Lymphoma, a type of blood cancer, occurs when white blood cells begin behaving abnormally, and do not properly protect the body from infections and diseases. There are two main types of lymphoma, Hodgkin Lymphoma and Non-Hodgkin Lymphoma, and although between 30 and 60 percent of patients with lymphoma can be cured through different treatment methods like chemotherapy and radiation therapy, there are still problems with lymphoma being resistant to some drugs used. The National Cancer Institute, part of the NIH, recently awarded the University of Arizona Tucson a 5-year, $1.59 million life science grant to study methods of combating drug resistance in lymphoma treatments.
University of Arizona Tucson researcher Jonathan H. Schatz, MD from the UA Cancer Center will use this $1.59 million grant to study the growth mechanisms of tumors that are driven by anaplastic lymphoma kinase (ALK) and how they become resistant to treatment. (Image on right courtesy of Wikimedia)
ALK is a protein that is known for driving certain types of lymphomas. It has previously been studied in clinical trials relating to lung cancer, since it appears in about 5 percent of lung cancers. Through his research, Dr. Schatz found that when ALK inhibitors are introduced into lymphoma tumors, the ALK protein becomes over-expressed which creates a resistance to treatments. However, an overdose of cancer-creating oncogenes occurs when the ALK inhibitors are no longer present.
“Understanding this overdose effect is a major goal of the grant project. The results could teach us a lot about how to effectively treat these cases,” explained Dr. Schatz.
The main purpose of this study is to find ways to use this over-dose effect in treatments to fight lymphoma. However, the treatments need to be done intermittently to use the ALK-targeted inhibitors to exploit the oncogene overdose effect of ALK over-expression.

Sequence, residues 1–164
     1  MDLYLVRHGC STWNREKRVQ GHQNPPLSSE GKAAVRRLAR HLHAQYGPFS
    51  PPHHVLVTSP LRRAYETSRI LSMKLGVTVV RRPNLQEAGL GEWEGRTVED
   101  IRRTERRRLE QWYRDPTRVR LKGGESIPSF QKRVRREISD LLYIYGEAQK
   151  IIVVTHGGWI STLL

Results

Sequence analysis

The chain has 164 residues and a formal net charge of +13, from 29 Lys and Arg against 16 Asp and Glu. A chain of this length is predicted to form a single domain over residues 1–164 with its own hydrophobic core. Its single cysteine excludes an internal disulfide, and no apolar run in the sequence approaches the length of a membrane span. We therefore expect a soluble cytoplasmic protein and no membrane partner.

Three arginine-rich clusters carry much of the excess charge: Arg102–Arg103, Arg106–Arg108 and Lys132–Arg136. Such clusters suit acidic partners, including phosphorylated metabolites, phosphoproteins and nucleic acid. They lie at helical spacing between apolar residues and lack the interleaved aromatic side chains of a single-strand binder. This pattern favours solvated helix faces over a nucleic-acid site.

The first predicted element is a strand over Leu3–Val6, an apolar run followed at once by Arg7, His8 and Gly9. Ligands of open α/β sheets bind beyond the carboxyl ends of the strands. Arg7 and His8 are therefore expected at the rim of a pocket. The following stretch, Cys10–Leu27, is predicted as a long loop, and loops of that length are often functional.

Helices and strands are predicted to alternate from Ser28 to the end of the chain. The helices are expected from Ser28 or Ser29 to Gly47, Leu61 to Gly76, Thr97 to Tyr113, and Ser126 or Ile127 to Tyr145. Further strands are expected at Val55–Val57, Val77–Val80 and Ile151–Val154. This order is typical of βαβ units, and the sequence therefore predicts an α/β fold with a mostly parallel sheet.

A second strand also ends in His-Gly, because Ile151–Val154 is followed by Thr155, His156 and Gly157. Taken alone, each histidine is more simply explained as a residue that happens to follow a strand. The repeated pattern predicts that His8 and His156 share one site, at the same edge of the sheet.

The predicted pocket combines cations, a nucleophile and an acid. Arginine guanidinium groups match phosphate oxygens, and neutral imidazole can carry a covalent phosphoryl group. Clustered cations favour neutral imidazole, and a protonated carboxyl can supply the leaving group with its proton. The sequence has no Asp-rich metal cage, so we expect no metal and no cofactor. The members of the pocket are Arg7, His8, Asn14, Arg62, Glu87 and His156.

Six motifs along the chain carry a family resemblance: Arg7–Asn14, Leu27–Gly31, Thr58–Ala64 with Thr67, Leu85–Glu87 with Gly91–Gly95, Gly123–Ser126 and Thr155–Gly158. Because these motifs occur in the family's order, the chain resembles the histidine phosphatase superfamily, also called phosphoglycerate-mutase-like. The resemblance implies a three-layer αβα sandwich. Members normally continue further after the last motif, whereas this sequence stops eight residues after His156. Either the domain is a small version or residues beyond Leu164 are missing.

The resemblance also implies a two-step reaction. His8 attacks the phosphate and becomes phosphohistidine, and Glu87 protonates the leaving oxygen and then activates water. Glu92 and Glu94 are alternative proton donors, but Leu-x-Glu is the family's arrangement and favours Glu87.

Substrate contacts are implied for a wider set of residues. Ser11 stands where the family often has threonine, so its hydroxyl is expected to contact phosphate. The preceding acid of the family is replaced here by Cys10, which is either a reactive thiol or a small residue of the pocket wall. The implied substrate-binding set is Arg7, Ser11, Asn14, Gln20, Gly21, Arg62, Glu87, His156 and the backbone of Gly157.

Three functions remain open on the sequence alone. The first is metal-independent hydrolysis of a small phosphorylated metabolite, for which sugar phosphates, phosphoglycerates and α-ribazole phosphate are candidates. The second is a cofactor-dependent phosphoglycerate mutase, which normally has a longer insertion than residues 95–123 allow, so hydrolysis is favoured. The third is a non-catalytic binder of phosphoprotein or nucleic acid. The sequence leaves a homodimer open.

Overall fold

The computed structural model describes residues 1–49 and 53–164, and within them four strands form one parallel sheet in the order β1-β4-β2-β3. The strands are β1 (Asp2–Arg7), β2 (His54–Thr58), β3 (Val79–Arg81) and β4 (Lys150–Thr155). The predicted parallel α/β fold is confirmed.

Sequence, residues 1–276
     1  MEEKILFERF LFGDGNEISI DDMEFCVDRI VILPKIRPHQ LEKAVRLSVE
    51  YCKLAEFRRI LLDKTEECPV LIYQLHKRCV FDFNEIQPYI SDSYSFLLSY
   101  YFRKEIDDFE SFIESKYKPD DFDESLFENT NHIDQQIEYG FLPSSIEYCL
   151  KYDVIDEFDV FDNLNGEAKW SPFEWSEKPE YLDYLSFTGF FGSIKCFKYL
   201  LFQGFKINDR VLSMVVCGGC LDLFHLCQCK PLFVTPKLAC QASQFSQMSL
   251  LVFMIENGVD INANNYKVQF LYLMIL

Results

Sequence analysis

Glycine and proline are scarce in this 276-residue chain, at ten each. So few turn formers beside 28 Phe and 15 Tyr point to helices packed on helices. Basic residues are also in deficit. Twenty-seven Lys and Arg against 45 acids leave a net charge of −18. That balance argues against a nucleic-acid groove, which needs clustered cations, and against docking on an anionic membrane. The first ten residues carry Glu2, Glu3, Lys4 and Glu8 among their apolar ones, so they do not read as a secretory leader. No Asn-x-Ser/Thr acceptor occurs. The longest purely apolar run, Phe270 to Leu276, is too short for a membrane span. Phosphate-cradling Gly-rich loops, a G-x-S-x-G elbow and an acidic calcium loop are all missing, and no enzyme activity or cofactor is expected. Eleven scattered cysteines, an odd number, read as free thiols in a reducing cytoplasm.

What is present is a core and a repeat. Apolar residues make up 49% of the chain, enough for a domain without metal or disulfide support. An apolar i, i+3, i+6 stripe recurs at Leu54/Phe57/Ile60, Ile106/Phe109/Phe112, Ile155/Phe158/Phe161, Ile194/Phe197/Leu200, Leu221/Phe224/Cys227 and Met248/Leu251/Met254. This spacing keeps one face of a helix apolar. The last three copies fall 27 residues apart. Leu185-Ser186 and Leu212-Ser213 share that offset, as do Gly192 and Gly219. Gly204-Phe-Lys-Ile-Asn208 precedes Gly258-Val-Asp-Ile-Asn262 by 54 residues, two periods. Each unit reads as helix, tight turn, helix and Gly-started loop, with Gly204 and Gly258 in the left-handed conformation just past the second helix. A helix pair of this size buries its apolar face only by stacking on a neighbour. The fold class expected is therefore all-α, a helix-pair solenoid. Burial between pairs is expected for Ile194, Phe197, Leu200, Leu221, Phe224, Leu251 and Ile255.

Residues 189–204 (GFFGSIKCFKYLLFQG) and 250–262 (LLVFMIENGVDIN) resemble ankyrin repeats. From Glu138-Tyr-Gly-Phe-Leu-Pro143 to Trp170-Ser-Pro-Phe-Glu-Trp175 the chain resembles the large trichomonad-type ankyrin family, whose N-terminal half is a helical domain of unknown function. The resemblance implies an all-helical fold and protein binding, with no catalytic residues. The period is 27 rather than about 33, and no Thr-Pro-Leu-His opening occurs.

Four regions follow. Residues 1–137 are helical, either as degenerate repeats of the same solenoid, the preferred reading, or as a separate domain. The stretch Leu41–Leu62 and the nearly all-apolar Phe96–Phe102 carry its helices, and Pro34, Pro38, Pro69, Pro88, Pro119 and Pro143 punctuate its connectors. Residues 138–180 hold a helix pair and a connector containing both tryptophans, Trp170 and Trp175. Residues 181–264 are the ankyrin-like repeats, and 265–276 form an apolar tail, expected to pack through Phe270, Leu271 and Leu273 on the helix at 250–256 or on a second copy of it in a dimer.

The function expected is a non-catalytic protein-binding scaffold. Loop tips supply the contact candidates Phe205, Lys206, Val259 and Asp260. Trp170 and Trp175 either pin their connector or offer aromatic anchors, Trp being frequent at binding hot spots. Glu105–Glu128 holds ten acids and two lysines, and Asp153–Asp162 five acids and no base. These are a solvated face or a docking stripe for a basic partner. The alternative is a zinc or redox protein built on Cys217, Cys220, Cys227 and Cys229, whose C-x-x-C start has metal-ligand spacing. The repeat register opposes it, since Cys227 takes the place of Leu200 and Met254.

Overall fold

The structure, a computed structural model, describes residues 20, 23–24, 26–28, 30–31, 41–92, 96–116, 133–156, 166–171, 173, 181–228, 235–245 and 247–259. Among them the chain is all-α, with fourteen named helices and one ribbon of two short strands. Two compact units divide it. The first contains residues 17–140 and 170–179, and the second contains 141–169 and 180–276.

This research on lymphoma resistance and treatments is beneficial to other types of cancers as well because it helps researchers understand why certain cancers stop responding to treatments, which allows for the development of new treatment approaches.
Dr. Schatz said that “if we properly optimize our approach in lymphoma, this strategy could have positive implications for many cancers.”
The University of Arizon, Tucson receives large amounts of funding annually to finance other ground breaking research endeavors:
- The University of Arizona is part of a consortium sharing a $9 million contract from the U.S. Department of Agriculture to discover new ways of preventing and fighting citrus greening disease.
- The University of Arizona has been awarded $8 million over four years to research how algae can be grown outdoors all year long.
- The Department of Defense is funding a $7.5 million sleep and memory study.
The University of Arizona Tucson is a top ranked institution for life science research. Biotechnology Calendar, Inc. holds an annual BioResearch Product Faire™ event at UA Tuscon every year that provides researchers with the opportunity to meet with life science vendors to find new products which will help further their work. For more information about the University of Arizona funding and upcoming event, please visit the links below.